FOR FURTHER INFORMATION CONTACT: Dr. C. William Hench, Senior Staff 
Veterinarian, National Tuberculosis Eradication Program, VS, APHIS, 
2150 Centre Avenue, Building B, MS 3E20, Ft. Collins, CO 80526; (970) 
494-7378.

SUPPLEMENTARY INFORMATION:

Background

    Federal regulations implementing the National Cooperative State/
Federal Bovine Tuberculosis Eradication Program for bovine tuberculosis 
in livestock are contained in 9 CFR part 77, ``Tuberculosis,'' and in 
the ``Uniform Methods and Rules--Bovine Tuberculosis Eradication'' 
(UMR), January 22, 1999, edition, which is incorporated by reference 
into the regulations in part 77. Additionally, the regulations in 9 CFR 
part 50 (referred to below as the regulations) provide for the payment 
of indemnity to owners of certain animals destroyed because of 
tuberculosis in order to encourage destruction of animals that are 
infected with, or at significant risk of being infected with, the 
disease.
    Since 1998, a total of 78 livestock herds have become affected with 
tuberculosis in the United States, and at least 4 of these herds were 
on premises where herds previously had been affected with tuberculosis 
and had either been depopulated and the herd owners paid Federal and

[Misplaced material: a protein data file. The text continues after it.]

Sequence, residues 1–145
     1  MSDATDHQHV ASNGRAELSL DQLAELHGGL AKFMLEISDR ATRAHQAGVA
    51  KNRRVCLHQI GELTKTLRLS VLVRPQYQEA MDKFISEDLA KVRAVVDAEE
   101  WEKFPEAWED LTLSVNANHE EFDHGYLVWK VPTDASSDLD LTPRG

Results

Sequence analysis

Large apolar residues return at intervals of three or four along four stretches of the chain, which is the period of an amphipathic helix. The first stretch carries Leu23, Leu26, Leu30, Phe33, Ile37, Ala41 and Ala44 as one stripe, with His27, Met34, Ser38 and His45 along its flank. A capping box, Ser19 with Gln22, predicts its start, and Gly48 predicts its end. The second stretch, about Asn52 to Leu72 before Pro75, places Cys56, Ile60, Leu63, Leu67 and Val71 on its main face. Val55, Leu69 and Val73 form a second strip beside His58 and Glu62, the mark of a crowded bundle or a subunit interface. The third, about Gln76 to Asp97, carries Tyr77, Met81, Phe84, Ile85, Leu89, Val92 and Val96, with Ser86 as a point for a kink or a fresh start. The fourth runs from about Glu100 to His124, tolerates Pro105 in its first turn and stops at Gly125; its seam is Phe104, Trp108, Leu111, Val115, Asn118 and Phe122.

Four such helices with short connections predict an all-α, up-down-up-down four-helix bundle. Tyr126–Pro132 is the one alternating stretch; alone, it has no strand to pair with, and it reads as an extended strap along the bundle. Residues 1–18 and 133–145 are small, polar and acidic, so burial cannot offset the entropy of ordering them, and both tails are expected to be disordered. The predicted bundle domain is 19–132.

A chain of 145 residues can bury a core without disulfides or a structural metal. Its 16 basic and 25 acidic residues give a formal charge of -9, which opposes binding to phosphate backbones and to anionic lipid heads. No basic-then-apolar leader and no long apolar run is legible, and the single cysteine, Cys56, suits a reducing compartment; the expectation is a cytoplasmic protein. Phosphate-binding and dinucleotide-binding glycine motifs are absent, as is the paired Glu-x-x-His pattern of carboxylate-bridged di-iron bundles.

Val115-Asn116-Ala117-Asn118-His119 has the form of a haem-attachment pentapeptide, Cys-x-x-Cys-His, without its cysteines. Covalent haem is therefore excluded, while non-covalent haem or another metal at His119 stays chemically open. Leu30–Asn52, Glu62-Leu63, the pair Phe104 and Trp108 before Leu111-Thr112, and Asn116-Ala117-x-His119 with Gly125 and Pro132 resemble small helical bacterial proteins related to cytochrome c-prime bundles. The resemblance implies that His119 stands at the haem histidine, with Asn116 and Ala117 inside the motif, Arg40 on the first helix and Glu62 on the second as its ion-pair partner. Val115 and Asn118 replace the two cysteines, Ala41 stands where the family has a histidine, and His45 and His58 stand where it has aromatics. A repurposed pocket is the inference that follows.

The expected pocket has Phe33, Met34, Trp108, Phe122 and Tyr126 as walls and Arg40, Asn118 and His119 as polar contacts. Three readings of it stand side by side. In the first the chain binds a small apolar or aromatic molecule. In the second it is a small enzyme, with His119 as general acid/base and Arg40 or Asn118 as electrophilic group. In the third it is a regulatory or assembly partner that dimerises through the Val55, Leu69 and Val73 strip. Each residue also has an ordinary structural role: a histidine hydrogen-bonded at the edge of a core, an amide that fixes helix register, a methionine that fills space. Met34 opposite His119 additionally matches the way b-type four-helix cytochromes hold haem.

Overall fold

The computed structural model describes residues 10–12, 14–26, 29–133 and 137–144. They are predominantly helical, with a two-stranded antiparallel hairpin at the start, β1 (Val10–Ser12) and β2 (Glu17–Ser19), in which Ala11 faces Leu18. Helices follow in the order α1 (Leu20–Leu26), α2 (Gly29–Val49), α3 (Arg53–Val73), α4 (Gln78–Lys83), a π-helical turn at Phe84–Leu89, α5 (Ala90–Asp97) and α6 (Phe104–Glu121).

State indemnity or undergone the approved quarantine, test, and removal 
program. Research has shown that there are ways to mitigate the spread 
of infection from wildlife to livestock, and herd plans have been 
developed for numerous herds specifying the mitigations that owners 
must implement to prevent reinfection.
    In order to place more responsibility on owners to adhere to 
prescribed mitigation measures and protect their herds from 
reinfection, we are proposing to amend the regulations

[[Page 43172]]

regarding the payment of indemnity for animals destroyed because of 
bovine tuberculosis to provide that an approved herd plan be in place 
prior to the payment of indemnity, and to provide that 10 percent of 
the gross indemnity payment will be withheld by the Animal and Plant 
Health Inspection Service (APHIS) until the conditions of the herd plan 
have been implemented. We are also proposing to amend the regulations 
to deny payments of Federal indemnity for herds whose owners have 
failed to follow the provisions of an approved herd plan, or have 
violated the conditions of an approved herd plan. We believe that by 
linking implementation of an approved herd plan and compliance with it 
to eligibility for Federal indemnity, we would further tuberculosis 
eradication efforts in the United States and protect livestock not 
affected with tuberculosis from the disease.